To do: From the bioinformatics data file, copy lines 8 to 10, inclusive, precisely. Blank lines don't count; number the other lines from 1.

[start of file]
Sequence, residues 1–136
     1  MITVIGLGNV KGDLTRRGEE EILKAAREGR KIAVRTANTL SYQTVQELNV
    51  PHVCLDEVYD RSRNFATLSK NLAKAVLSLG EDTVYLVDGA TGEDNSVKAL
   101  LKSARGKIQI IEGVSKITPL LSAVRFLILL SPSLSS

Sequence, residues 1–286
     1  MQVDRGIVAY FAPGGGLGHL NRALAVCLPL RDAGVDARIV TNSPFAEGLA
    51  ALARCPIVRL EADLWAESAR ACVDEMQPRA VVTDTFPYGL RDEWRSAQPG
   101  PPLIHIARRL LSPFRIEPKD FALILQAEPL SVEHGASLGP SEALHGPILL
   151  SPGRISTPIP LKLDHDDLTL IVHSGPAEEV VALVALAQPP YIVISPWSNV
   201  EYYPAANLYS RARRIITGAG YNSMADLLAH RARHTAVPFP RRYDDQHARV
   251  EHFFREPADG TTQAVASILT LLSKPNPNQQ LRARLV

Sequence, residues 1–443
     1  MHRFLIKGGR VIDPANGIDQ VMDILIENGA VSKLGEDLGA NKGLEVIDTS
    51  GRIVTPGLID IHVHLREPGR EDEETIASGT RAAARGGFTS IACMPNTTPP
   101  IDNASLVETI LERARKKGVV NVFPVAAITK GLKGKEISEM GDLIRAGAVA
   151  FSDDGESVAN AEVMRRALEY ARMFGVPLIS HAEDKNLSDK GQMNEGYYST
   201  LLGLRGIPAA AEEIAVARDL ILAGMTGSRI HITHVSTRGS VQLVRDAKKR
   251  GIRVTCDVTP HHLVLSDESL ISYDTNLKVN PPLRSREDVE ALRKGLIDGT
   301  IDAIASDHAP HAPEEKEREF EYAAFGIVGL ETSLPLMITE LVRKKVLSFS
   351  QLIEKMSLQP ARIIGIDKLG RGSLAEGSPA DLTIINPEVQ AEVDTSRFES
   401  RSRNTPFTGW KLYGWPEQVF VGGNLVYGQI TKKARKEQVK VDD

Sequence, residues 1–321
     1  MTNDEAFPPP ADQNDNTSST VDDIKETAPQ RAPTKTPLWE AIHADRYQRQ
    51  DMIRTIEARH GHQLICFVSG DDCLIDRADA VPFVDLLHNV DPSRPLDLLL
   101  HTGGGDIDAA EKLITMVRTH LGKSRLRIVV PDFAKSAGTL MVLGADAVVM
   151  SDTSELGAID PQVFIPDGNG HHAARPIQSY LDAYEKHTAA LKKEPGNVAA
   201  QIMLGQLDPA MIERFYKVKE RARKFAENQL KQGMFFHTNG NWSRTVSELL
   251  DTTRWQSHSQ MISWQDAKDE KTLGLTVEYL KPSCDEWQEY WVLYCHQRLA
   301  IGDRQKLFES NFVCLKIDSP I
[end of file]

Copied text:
   101  PPLIHIARRL LSPFRIEPKD FALILQAEPL SVEHGASLGP SEALHGPILL
   151  SPGRISTPIP LKLDHDDLTL IVHSGPAEEV VALVALAQPP YIVISPWSNV
   201  EYYPAANLYS RARRIITGAG YNSMADLLAH RARHTAVPFP RRYDDQHARV